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SUPPLEMENT TO THE OBSERVER: HILLSBORO, X. C, APRIL ft, 1899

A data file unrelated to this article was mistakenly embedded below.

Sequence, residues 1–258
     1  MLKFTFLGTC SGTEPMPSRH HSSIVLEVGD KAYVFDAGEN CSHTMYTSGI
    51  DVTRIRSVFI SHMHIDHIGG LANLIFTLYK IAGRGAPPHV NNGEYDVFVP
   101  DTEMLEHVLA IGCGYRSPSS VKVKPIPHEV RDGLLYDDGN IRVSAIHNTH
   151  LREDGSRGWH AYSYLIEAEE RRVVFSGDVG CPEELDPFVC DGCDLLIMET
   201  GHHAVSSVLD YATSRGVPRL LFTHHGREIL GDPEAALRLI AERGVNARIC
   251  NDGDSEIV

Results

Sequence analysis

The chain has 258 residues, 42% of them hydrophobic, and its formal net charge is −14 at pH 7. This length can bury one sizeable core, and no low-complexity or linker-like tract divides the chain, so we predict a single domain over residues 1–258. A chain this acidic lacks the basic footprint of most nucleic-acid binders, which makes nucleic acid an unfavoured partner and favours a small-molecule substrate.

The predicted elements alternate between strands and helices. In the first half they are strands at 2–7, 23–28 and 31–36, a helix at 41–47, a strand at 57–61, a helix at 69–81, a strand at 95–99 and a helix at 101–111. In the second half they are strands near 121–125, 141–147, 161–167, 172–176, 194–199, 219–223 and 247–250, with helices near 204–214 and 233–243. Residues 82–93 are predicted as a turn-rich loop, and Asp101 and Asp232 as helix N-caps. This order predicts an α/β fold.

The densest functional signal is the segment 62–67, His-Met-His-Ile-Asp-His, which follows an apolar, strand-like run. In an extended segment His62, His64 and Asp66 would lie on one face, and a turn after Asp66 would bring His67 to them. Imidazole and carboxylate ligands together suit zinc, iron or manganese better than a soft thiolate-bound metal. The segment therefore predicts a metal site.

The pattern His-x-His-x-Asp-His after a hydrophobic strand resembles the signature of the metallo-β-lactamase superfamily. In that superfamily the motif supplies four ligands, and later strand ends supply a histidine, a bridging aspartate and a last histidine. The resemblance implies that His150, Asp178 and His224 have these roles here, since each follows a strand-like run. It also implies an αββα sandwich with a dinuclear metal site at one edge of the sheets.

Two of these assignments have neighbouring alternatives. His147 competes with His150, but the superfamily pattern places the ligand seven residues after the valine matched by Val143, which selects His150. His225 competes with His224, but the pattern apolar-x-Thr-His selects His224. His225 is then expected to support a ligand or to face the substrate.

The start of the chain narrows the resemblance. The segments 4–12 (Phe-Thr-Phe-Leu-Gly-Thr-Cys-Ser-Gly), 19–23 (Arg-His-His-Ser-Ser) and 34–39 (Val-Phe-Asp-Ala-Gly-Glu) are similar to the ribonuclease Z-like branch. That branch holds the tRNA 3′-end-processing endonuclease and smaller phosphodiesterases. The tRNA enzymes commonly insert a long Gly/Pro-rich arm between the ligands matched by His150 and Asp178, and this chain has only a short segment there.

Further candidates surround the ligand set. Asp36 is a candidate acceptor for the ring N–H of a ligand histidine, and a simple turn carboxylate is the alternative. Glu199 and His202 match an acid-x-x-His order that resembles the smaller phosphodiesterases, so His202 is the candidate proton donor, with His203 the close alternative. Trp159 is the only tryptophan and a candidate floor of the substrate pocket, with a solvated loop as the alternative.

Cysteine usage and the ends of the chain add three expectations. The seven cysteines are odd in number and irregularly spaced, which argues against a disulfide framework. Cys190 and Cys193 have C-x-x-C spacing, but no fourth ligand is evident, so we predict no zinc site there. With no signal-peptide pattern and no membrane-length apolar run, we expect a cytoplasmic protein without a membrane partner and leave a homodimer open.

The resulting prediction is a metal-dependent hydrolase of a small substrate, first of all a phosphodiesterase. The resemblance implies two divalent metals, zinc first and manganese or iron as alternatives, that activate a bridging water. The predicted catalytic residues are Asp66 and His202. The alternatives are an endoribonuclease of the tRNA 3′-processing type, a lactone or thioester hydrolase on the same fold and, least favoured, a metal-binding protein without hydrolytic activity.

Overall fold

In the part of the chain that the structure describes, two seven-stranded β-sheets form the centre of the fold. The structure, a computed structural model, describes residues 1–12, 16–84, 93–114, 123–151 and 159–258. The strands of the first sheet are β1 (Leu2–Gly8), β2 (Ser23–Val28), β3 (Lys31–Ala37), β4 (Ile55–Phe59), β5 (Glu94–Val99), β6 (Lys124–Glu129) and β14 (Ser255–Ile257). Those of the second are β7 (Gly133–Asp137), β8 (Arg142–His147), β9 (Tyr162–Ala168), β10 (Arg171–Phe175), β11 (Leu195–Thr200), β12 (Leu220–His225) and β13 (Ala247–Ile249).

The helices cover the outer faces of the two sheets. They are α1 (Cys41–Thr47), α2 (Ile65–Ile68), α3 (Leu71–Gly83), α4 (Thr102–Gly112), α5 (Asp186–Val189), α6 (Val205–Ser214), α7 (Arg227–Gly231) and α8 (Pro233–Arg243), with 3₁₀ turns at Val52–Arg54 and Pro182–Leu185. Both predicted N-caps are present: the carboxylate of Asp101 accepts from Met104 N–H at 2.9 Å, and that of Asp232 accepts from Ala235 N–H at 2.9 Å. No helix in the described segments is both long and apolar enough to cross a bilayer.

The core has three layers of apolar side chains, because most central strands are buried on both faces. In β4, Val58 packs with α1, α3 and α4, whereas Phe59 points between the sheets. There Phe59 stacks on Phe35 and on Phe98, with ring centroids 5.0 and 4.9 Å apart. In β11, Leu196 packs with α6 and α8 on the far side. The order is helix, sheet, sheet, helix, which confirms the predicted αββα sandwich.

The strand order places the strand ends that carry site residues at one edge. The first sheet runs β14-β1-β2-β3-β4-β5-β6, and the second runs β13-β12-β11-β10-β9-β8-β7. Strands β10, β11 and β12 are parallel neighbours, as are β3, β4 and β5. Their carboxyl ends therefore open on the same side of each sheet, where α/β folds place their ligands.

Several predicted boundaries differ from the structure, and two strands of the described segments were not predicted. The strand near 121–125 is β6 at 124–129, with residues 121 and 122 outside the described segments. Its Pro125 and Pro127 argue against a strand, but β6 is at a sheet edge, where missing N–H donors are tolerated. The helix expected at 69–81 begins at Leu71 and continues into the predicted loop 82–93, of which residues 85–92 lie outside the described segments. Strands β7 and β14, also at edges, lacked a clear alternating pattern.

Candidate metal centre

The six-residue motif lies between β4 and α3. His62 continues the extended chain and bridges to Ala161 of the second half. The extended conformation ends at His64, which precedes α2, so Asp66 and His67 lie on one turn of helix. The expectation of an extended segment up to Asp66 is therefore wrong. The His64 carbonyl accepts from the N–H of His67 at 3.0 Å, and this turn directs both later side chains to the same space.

III' SERMON PREPARED ESPECIALLY FOR YOUNG AND OLD. oil .',(('.: "Veril-i of Hie Metropolis" Thi Luxury an. -I the, SquaJor of Jreat Cities Thrown Into Violent Contrast Object 3.-on Drawn From Kxperienee. 7 : ''Wisdom rieth without: ph nt-h'-r vol'.'f in the streets. '"Proverbs V.'.- ;ir" .'ill rci iy to listen to tho voice' of -:.r"--tliR "voices of the mountain, the ,;. of the sea, the voices of the storm, , v.-,i'!es r.f the -star. As in some oi the ,J h" irals in E irope there is an organ at ;:::.-r "rnl of tht building. and the on in r: :"it re-sponls musically to th other o. th- trrf.it c ithe'lral of nature day rel : to . dav and night to night and vt to f!ovi).- and star to star in the ; -it l.amoniea of the universe. The r.i'tW'O is :m evange!it in blossoms r v-'iing of "roi's love, and the winter is i - : 'i i ri ?. : A' i If 't v;tjif e bearded-cvmboliztng ngiihist o:;r sine. We are all ready to n ro t!ie voices of nature, but how few f ;-arri anytmng irom the voices of the r. r.ad dusty street? You go to your i..-"-ajiim and to your work and to your r..'---!:nTjdis and you come back again, v ! .-.ft .-r with h-w different a heart you j through th' streets. Are there no V.:-'..'- for us to learn from these pave-:::.:- oyer which wo pass? Are there no t:-. -.f truth growing up between these .-...;-iton"s. bea'en witli the fnet r.f toll and rdeasure. the slow tr.ui.l r,f and the ouiek step of childhood 'i r- are great harvestq to he. re.ined w f thrust in the .sickle because tho -t is rip". "Wisdom crieth without: Lt-Tft ii her voice in tho streets." !!-' fi r-. pla-'e, the str.-et impresses it!: the fact that this life is a scene of i.'! .-t niggle. J5v ten oVIoak everv dav v is jarring witli wheels, and shutT ,:h f .(-. and humming with voi-'es, ,ver d wirii the, breath of smoke--;. and a rush with trafllekers. Once vr,M ;ln'l a man going along witli ! ar:iH and with leisurely step, us ;.i '. iir. l i;- thing to do; but for 'the : ;r' . as yo t find men going down .''''t 1 on t!;e way to business, there .i'-tv in t i i s i r faces, as though thoy .':.e errand which mu-t be executed i- hr-t ji'-?ib!e moment. You are 1 iv tho-n who h.ave bargains to and note-, to sell. Up tins ladder i ii'.d f bricks, out of this bank with ; ! iii-, on this dray with a load of . digging a e.dlar, or shingling a roof, ing a !i'rs or building a wall, or lag a waieii. ; !i tiding a book. . ln v, -.vifh her thousand arms and thoti eves and thousand feet, goes on sing-T-"ng-f work. work, work, whiie drum it ami the steam whistles . All tiii- n r t because meu love toil. t! rernarke 1. "Everyman is as lazy anaiv-rd to be." But it i 4 because -i: v with st"rn brow and with uplifted ';i:; l over y ju ready wlietvver von '""!' toil to make your shoulder3 -.vi'li the lash. i if be that parsing up and down streets on your wav to work and -s that von do not learn anything :- wr.rld s t-.il and anxiety and ? Oil, ho-.y many drooping hearts. i'i.any eves on the watch, how many traveled, how manv burdens carried, manv lo--.es suffered, liow many toiighf- how ni:iriv victories oni'neil v rnany liefeat i-utTereil, how many er ' "ition .injured; what losses, what : r. what wretchedness, what pallor. , i!iseae. wh.at agonv, what despair! 'y-":" I .have sroppe.l at the corner of -'r-.-.t a- the multitudes went hither '."iK and it has seemed to me a .'great .'mime, an l as I looked upon it mv rt broke. This great tide of human life ' goes down the street is a rapid, tossed ' turned aside, and dashed ahead, and .'-I ba;1!; beautiful, in its confusion, ici-miuse.i in its beauty. In the carpeted ' "f t!ie forest, in the wooils from h ?f: eternal shadow is never lifted, ' :..--l:ore of the crja over which iron io-e.s th tai gld foam sprinkling ;;: led -ditTs w.th a baptism of whirl '! and tetnpest. is the best place, to !. but in the rushing, swarming. ' .-tn-et is tbo best jdace ts study g down to your place of business 'ilng homo again, eharge you to titee signs of. poverty, of ' i-ees, of hu uger. of sin, of bereave i'id as y.'U ro through th" streits. f..a '!; t'Tviigh the streets, gather ar:n .,f your prayer all thesor ' J he 1, all the sufferings, all r,..,vi-:5!.'ats ,,f tliose whom you pa-s, ' i t :!;e;. jr, praver before an all r i' :-i. In the great day of "' t;:er- v, iii iv tliOunls of persons "v -"a y ' i in thi- world never ex ! -:ie W'r.i. will rise up and end -: I. and th re will be a thousand ; i:.t' 1 at you in heaven, saying: :th" ma!', that is the woman, who x v.'h.-n 1 was hungrv and sick and ' g an 1 i -t i.nd heartbroken. That t!.iat is the woman." and the. -' will come down upon yon as id say. "T was hungry, and ye ! '.v is naked, and ve clothe I Me: I - i- 1 in prism, and ye visited Me: :" : -.s ve iid it to these poor waifs of " '" " d.i I it to Me." : t-.- str.t impresses m with the t ioi e;ise and cou.Utions of so- : o'umingle. We sometimes cul ; 1 ex i'.ulvness. Intellect de-;gr:r-ran ia-tlnement will have to ito wtt'.i voorlsnnojs. Oloves .s-i'uh true 1 hand, un-.I the high i .'e-pises thi Hat head, and the Ig-u-.-w will tiave nothing to bo v,-;; I ..opsew 1 :,d, and Athens hates ' . T:'.i- C - - 'r ::::: sf rl help v:s in our naviga- jOH n.nt come a wav from .6 hum an organism and set DPS. 1 he eaen. 1st must come Jr laboratory, where he ha fig anaiv.-i- ami svnthesis, and undor-tand t'.ie nature of the jeis Ci th it all clashes of peo- o;npei:e ; to me on tne .tr"t. igc -n whools clashes again: .eager.- e.f:. t iw ro es run thr pe.i.uer s pa'k. Jiohust health .an s'-'-kn"-;. Honesty confronts i'.V'Tv .-la-s . f people meets everv class. ..; ; i n an I modesty, and humilitv; t utitv and beastliness m!j'-ss an i :. me !.::. in t! iv. :i, iiai roo:uon rai'iict fen he sat i. Tne r.cii and the or meet I.;r.l the M.aier of th-u rh.t not so to be. The .? mie down from the 7 i I m 'etitig on the re. t, in the same like this d-m -jcr st; prin pe of th ket of ,li!; c'!-r sr w.iich. re .gni::e laoi t:tat we -tan i before i one an i i same ps.it rm. ). i; !t taxe on aav What- ver ; s i 'jet v V- a a; of the SIT.- ;:;me itbrn yo ; h.ave gaine i :. thing b.;t a man, arent. regcnratc-l bv :pir:t. eU-an.'e I by the same 1. t He. down in th same da:, t ge: m the same rcs-.rre nion. It is high a that v. all a.'Un-w'.e Ig-''! nn ontv IV.herii: .1 .: '1;. b it :l.c bntb-r- 1 ui u. nq. Wh; fh? strPet I'fiPre5ses me with the to keep his heart right and get to heaven. the temI'tatIon spring upon us from tnese pacos of pa-blle eoncoar-e mid o much aflluence, how much temptation to covetousness and to be -discontented with our humble lot: Amid so manv op portunities for overreaching, what tempta tion to extortion! Amid so much diplav what temptationto vanitv Amid so many Fa.oons of strong drink." what alureme'nc to dissipation! In the maelstroms and hell gates of the street how many make 0,uick and eternal shipwreck! If a man-of-war comes back' from a bat tle and is towed into 'the navy yard, we go down to iv. - eilintered spars and count the bullet holes nuu loot with patriotic admiration on the fag that floated in victory from the mast- vf i IiUt that man ls TDore of a urioitv "Who has gone through thirty vears of the sharpshooting of business life and vet sails on. victor over the temptations of the street. oh, how manv have gone down under the pressure, leaving not so much as the patch of canvas to tell where they per ished! They never had anv peace. Their d:sjonesties kept tolling in" their ears. If I had an ax and could split open the beams or that fine house, perhaps I would find in the very heart of It a ekeleton. In his very best wine there is a smack of poor man's sweat Oh, it is strange that when a man iihs uevoure.l widows' houses he is di-i turbed with indigestion? All the forces of ?P!!8flJ'a,!,st h,m' Thn floods are reaay to crrown mir: n-n IUr t-aj.xU'ILrr, U swallow him and the fires to consume him and the lightnings to smite him. But the children of God are on every street, and in the day when the crowns of heaven are distributed some of the brightest of them will be given to those men who were faith ful to God and faithful to the souls of others amid the marts of business, proving themselves the heroes of the street. Mightv were their temptations, .raightv was their deliverance and mighty shall be'their triumph. Again, the street impresses me with the fa.-t that life is full of pretention and sham. ' What subterfuge, what .double dealing, what two fa?eriness! Do all people who: wish you good morning reallv hope vou a hapny day? Do all the people who shake hands love eacli other? Are all those anxi ous about your health who inquire con cerning it? Do au want to see. you wuo ask you to call? Doe all the world know half as much as it pretends to know? Is there not many a wretched stock of goods with n brilliant show? Tassing up and down thestregts to your business and your work, afevou not impressed with the fact that society is hol'ow and that that there are subterfuges and pretensions? Oh. how many there are who swagger and strut, and how few peonle who are natural and walk! While fops simper and fools chuckle and simpletons giggle, bow few peoplo are natural and laugh! The courtesan and the libertine go down the street in beautiful apparel, while within the heart there are volcanoes of passion consuming their life away. 1' say these things not to create in you incredulity or misanthropy, nor do I "forget there "are thousands of people a great deal better than thev seem, but I do not think any man is prepared for the conflict of this life until he knows this particular peril. Ehud comes protending to pay his tax to King Eglon, and, while he stands in front of the , king, stabs him through with a dagger un til the haft went in after the blade. Judas Iscariot kissed Christ. Again, the street impresses me with the fact that it is a great fieU for Christian charity. There are hunger and suffering, and want anil wretchedness in the coun try, but these evils chiefly congregate in our great cities. On every street crime prowls, .and drunkenness staggers, and shame winks, and pauperism thrusts out its hand asking for alms. Here what is most squalid anil hunger is most lean. A Christian man, going along a street in.New York, saw a poor lad, an.l he- stopped and said. "My boy. do you know how to read and write?" The boy made no an wer. The mm asked the question twice and thrice. ''Can you read and write? " And then the boy answered, with a tear plashing on the back of his hand. He said in defiance: "No, sir, don't read nor write, neither. God. sir. don't want me to read and write. Didn't ho takeaway my father so long ago I never remember to have seep him? And haven't I had to go along the fdreet to get something to fetch home to eat for the folks? And didn't I, as soon as I eoubl carry a basket, have to go out and pick up cinders and never have no school ing, sir? God don't want me to read. sir. I can't read nor write, neither." Oh. thesn poor wanderers! They have no chance. Born-in degradation, as they get up from their hands and knees to walk, they take their first step on the road of despair. Let lis go forth in the name of the Lord Jesus Christ to rescue them. Let us ministers not bo afraid of soiling our black clothes while we go iown on that mission. .While w-3 aro tying an elaborate knot in our cravat or wfiile we are in the studv rounding otl some period rhetorically we might bo sav ing a soul from death and hiding a multi tude of sins. O Christian laymen, go out on this work! If .you are not willing to go forth yourself, then give of your means, and if you are too lazy to go, and if you are too stingy to help, then get out of the way and hide yourself in the dens and raves of the earth, lest, when Christ's chariot comes along the horses' hoofs trample you into the mire. Beware lest the thousands of the destitute of your city in the last great day rise up and curse your stupidity and your negjeet. Down to work! Lift them up. One cold winter's day, as a Christian man was going along the Battery in New York, he saw a little girl seated at the gate, shivering in the cold. He nai l to her: "My child, what lo vou sit there for. thi cold day?" "Oh," she replied, "I am waiting for sorovboiy to come and take care of me." "Why,'' sail the man, "what rnak"syou think anybody will come and take care of you?" "Oil," she sa;d, "my mother died last wek, and I was cry ing very much, and she said: 'Don't cry. dear, though I am gene and your father is gone, the Lord will sen 1 somebo ly to take crre of you.' Mv mother never t dd a lie; she said some one would come and take careofme. nnl I am waiting for then to come." Oh, yes. they are waiting for you. Men who have money, men who have influence, men of churches, men of great hearts, gather them in. .gather them in. It is rot the wiil of your Heavenly Father that one 0f thee little ones should perish. La-tly. the street imprest" me with the fact that all the rople ar- looking for ward. I s--e expectancy written on almost every fee I meet. Where you lira 1 a tho i- : straigat on, vou onlv -and peop-e waii i n 1 one inganl looking bak ii i ! ma ca-;s.- w are ia:m the mult i; a ! on ..ramp ot a great cost, mare am marching for eternity. Beyond the c,?. ;et the store, the shoo.-the street, there is a world, populous an i trenv-aloa. Ta rough God's grace. mav vou re ach that blessed p.aee, vards tlit chariot of Vl&uka V Uy bad Tae us ail to look aha 1. be- -r:ai. m t::i ? tramp ot th streets I heir the ! weep and the never toil. A river cows through that citr. with rounded and lux urious banks, and the trees of life, laden with everlasting fruitage, bend their branches into the crystal. No plumed hearse rattles over that pave ment, for they are never sick. With im mortal. health glowing in every vein, thev know hot how to die. Those towers of strength, those palace-? of beauty, gieam in the light ot a sun that never sets. Oh, heaven, beautiful heaven! Heaven, where our friend are! The take no census in that city, for it is inhab ited by "a inu'.r' Tie which no man can number." itink above rank. Host above hot. Gallery above gailery, sweeping all around th heavens. Thou sands of thousands. Millions of millions. Blessed are they who enter in through the gate into that city. oh. start for it to day! Through the blood of-the great sacrifice of the .Son of God take up your march to heaven. "The spirit and the briae say, Come, and, whosoever wiil. let him come and take the water of life freely." Join this great throng marching heaven ward. Ail the ioors-of invitation aro open. "And I saw twelve gates, and the twelve gates were twelve pearis." The BUmarrks' New Iteming Place. The bodies of Prince and Princess Bis "tarek were placed in the new mausoleum ..c Friederiebsruh. Germany, a few day ago, Emperor William attending the cera-po-iiies. A great throng fills those hou'e ni the streets are anish with Curiosities of liquor taxes. Their Relation to the Payments for School Support, . The loial payments in the Unitol States for school support and for li quor taxes and licenses are in excess of .r'."oO. m m .( m h i. and it is somewhat cu rious and instructive to note the rela tion' which these iwo items bear to filch other. At the head of the states disbursing public moneys fur educational pur--oses is, of course. New York, with a lokal of L!i;..oo,iMH. and with liquor collections of .SUT.tMMi.nuo, or ,SuOU,.) more. Pennsylvania expends for (schools .s-ji).mh,(miii and-collects from liquor licenses of various sorts i 1 . ::. OO't, the disparity being in part ex plained by the fact that the large breweries which increase to so great an extent tin government: collections from .New York, are not to be found in the Keystone state. In Ohio the school expenses are ,S 1 ", i.ikmi and the liquor tax revenues SIlVJoiukiu, a difference smaller than in Pennsylvania, but ma terially larger than in New York. Massachusetts expends for educa tional purposes .Sl"..bH(t.nii(t in a year, while the liquor tax collections are only o.oi io. m h . (tn the other hand. Illinois, now the chief state of whis key distilleries, expends .lb.Oio,0)i a year for education and collects S".: 000,000 a year from taxes on the sale or manufacture of liquors, or twice as much. Missouri expends $7.000,ooo a year for educational purposes and col lects .St5,000,O00 from liquor taxes. In Kentucky, in which the school ex penses are $0,000,000, the' liquor collec tions are in excess of $12,000,000. In California, now distinguished as the wine state, the collections from liquor taxes Tast year wore $",.roo,000 ami the expenditures for educational purposes $0,OO0.000.j In Texas tin? educational expenses are $4.."oo.ooo and the collec tions from revenue taxes are $1,100, ooo. r about one-quarter as much. In Georgia the educational expenses are $l,soo.0(to and the revenues from li quor taxes are nearly $000,000." Con necticut expends $:',,ooo,0o0 for edu cational purposes ami collects $l.o00, ooo from liquor taxes. Teunessee ex pends $1,000,000 for educational pur poses and collects .Sl.loo.ooo from li quor taxes. Maine, a prohibition state, expends $l.0oo,0oo 'for purposes of ed ucation and collects $o-".ooo from li quor taxes, mostly those imposed by the I'nited States government. Iowa expends $$.-oo.ooo on education ami collects $l,:;oo.o0o from excise taxes Kansas expends $l.r.oti,0oo on educa tion and collects st;..o!o from liquet taxes. Vermont collects $".'J.ooO. Mis sissippi $l".".oott and. the Indian Terri tory $l,0oo. Mississippi expends $1. 000,000 for education and Vermont ex pends Sl.ooo.ooo. New Jersey spenoi $1.0o.oOo a year more for educational purposes than it collects from liquoi revenues. North Carolina collects $1, 10o,ooo from liquor taxes and expend: SCtO,Oto j-,,r education.--New York Sun. Less Horses But Not Horse! ss The Municipal ''ouneil ,f Stuttgart. Havana. has-.asvd a law forbidding the use of horses f,,r trucks or heavy freight wagons" within the city limits. This city, i hough only three of '"the long stret ts are of smooth, level pave ment, is far ahead of other Continental towns jti automobile vehicles for both passengers and freight. It really 1ms no nevd of horses, and. as the horses are iu the way of the rapid locomotion of the automobiles, the city has taken the matter in hand and decided that the time has con.e for th horse to go. Iopite the numerous hills Und on paved mads, the automobile freight wagons and t axis have proven a great tP-ce-s. Kveii tin? llavarian farmers are taking a deep interest ju the matter, an t the m-Wvpap TS preset tiiat ri.o time ;s 1,,-r otr i, ior-- voii o. i.-a-utc driv.- ;i: tar of? When Use for o e je;.,n fiom England that the cr..tr has a private d--n in his palace pap-red lis ot" mo-t ra.iK'i! us car i 1.. i.: orou-rors. i N in hah- with the s own matestv. hi icr t v-w hoc For the business of rroad remit - licans is to laugh at czars, anl it is mighty hard to laugh at a man who Las sece enough Vj laugh at him- NEWS AND NOTES 1 FOR WOMEN. lei Accessories in the Tailor Costume. . "White "cloth vests, revers and other accessories impart an a)pearance of daintiness and distinction to the tailor costumes they decorate. The gowns so finished this spring; are especially attractive. "All the short natty coats are very closely fitted in the hack, and on raauv ox the imoorted costumes ' 4. . the white cloth vest is double-breasted aud fastened with handsome gold but tons, and the white revers are edged with a graduated design in narrow-gold braid. Popular Newmarkets For Shopping. Long, close-fitting Newmarkets, that cover the wearer from neck to feet, are very popular for useful wear during the spring for shopping and traveling. They are double-breasted with revers collar, and are cut without crossing seams on the hips. Very light tan kersey is used for these wraps, with stitched edges for their finish aud white pearl-button fasten ings. Other long shapes of checked cheviots have hoods or short English capes to complete them, and there are fawn-colored models with a pointed yoke of the cloth and a stitched belt at the back only. A lJeeomiiij; House Dress. A French house dress made of soft Henrietta cloth of magenta shade could be worn becomingly by a woman of almost any type. The blouse vest and petticoat, are of beige vicuna, tucked and briar-stitched in lattice effects on the blouse front, and simply briar-stitched at the hem of 'the petti coat. The oddly shaped cape-collar and revers are elaborately trimmed with beige lace; loops of red satin rib bon showing here and there among the filmy meshes. The elbow sleeves are finished with a similar trimming of wider lace and ribbons. Around the neck is a pretty collar of black chenille embroidery raid at the waist a chenille belt. A Woman's Jtcform in Illinois. Illinois club women have under taken a crusade against, the use ot womau's face or figure for. advertising purposes. It is . proposed that no woman's face, in other words, shall be any man's fortune. This unique reform of the scandalized fair sex bobbed up serenely at a recent ineet iug of the Fourteenth Congressional District Federation of AVomen's Clubs, held at Lewistown. The petition-loving club women who were present compared advertising pic tures aud promptly decided they were enough to drive the youth of 'America to corruption. Thereupon they drew up a stringent set of resolutions, which have since . been printed for the pur pose of distribution among the wom en's clubs of the State. After these "face and figure" resolutions are suf ficiently supported by feminine sig natures they will be turned over to their dear masculine friends the lawmakers in the State Legislature with an earnest little prayer that there be issued a stern manifesto against the use of woman's likeness for commercial purposes. Chicago Times-Herald. An Klal-orato Cloth Skirt. - Cloth skirts for'sjiring costumes are, many of them, most elaborate. There is one design in blue serge that is par ticularly effective and, of course, par ticularly expensive, as well.- The skirt is cut with a gored effect and is very flaring around the foot. Down the front breadth at either side go three or four lines of black braid. These Hues of braid turn and go around the skirt about a quarter of a yard from the foot, and above the three lines of braid is a mass of braiding in narrow black sou tache aud narrow black satin 'folds, making the entire sides of the skirt covered with braid in an elaborate de sign. This skirt is one of the French models; has not yet become common; is very handsome, but ha3 the disad vantage that it cuts the figure and makes a short person look shorter. For ordinary everyday wear and a useful investment the bell skirt is still the favorite, but ii can be trimmed with lines of braid that start from the hem at the back of theskirt, extend ing up only a little distance; in front go the whole way as far as the belt, but put on to meet in a point. They must not go straight up and down, for that would give too square a look to the figure; instead they must' be put on in such a way that they give the ef fect cf gores, or, rather, follow the lines of the gores. . A Huahaiiri'a Tate. Mary Ji. Baldwin relates this sug gestive little incident in the Woman's Home Companion: 4i 'Oh, my clear, where did you get that monstrosity '?' whispered a man to the" little woman by his side as he clung to a5" strap, aud she to him, as they rode home together iu a street-car. 'The effect certainly wa3 ridiculous the wjc-e face with its timid expres sion nuutr one cf the largest of the new styles of hate with its flaunty feathersj and obtrusive trimmings. The tears started to the eyes of the overtopped little creature"; then she recovered herself, and insisted that it was just the thing the very latest of the fashions. It not beneath tiie thought of the most intellectual wom an, nor does it compromise personal independence and taste to consul! the preference of a husband in the choice of modes aud articles of dress. "There are husbands so constituted, do doubt, that it is gratifying to their pride and sense of authority to re ceive perfect dependence from tha wife; but the reliance of an efficient woman who is able -to think and act for herself is thoroughly appreciated by a broad-miuded, generous-souled husband. If his wife has a refined true taste he feels honored when she lays before him her plans for the house-furnishing, or the gowning oi herself, and after the purchase, as lie regards effects, he takes pride in the thought of having had a voice in the. choosing." Massage a Beauty Restorer. The marriage of Adeliua Patti will make the massage business mofo popular than ever, for she first be came acquainted with her new hus band by employing him in that line. It has become verv extensive in Wash ington aud all the cities of the East, and in the West also, and is now re garded by rich and self-indulgent people as one of the necessaries, of life. The fashionable physicians ia Chicago prescribe it as a cure for tho grip, which leaves the patient weak and enervated. Nothing seems to take the spirit out of a man so much, and there is no inclination for the ex ercise that is absolutely necessay for the recovery of strength. A new feature of the massage treat ment, as practiced in Chicago, is to restore youth and beauty, in women who are showing signs of age. A good-looking women dreads nothing so much as wrinkles, and a massuer there guarantees to remove them -by au application of hot water and the) pressure of her fingers upon the ilesb. The operation requires a good -deal of patience and sacrifice, however, be cause while under treatment tha patient's face is swathed in bandages of hot water for several days and sho can eat nothing but liquid'food taken' through a tube. There have been at least three successful operations of this kind. One lady in Washington, who a year ago showed unmistakable signs of age, blossomed out last fall' in the fullness and bloom of youth,' or, as she said, sixteen years younger than when sho left the "city in the. spiing, Chicago Hecord. J6si p. Miss Kitty. Heed, the Speaker's handsome daughter, receives 1000 annually for her services as stenog rapher to the Speaker. Miss Frances E. Mason is President of the National Hank iu Limerick, Me. Tt. WitS fnnndfd Kv lmr T M. Mason, aud its interests have been ably promoted under her leadership. Miss Florence Caldwell, of Cleve land, Ohio, is said to be the only, woman civil engineer iu America. She is the daughter of Judge Caldwell, one of the most prominent jurists in Ohio. The mother of M. Jean de Rc3zke has built him a lovely home in tho Champs Elysees of Paris, where he and his wife may live. Mme. de Heszke, senior, and her son Edouard aud his family will also take up their abode in the same house. The report of the Membership Com-' mittee of the New England Historic Genealogical Society shows that forty women were admitted to membershii during the past year, that being the first vear that the by-laws of the so ciety have permitted their admission, to membership. Cleanings l'rnin the Shops. , Lisle hose in checks and large plaids. Neck clasps in green enamel clover leaf designs. Jeweled and enameled slides for soft ribbon belts. - Hatpins in rich mosaic designs and unusually large heads. Gingham dresses for girls trimmed with lace or embroidery. Watch chains, and fobs in combina tions -of gold and gun metal. Imported skirts showing large plaids of green aud red combined. Cloth suits for girls in smooth-faced materials trimmed with braid. , Silk evening hose in . conspicuous colors with silk-embroidered insteps. Ueautiful organdies in designs of black, white and gray arranged in stripes or scrolls. Safety slides for the hair made of tortoise shell, silver or gold, plain or jewel studded. Superb embroideries on a satin ground in combinations of pearl beads, jewels and tinsel. Embroideries of velvet, satin or mousseline outlined with small beads, sequins or tinsel. Midseason toques of lace or richlv embroidered transparent materials nowers and aigrettes. Fine quality dotted Swisses showing, narrow stripes in delicately colored pompadour patterns. j Mtssc-s' frocks composed entirely of lengthwise rows of shirring, with nar row satin ribbons between. Heady-made pique gowns with threa ,band3 of open embroidery on the skirt and guimpe of the same material. i Vli tiooas juxmumisti "'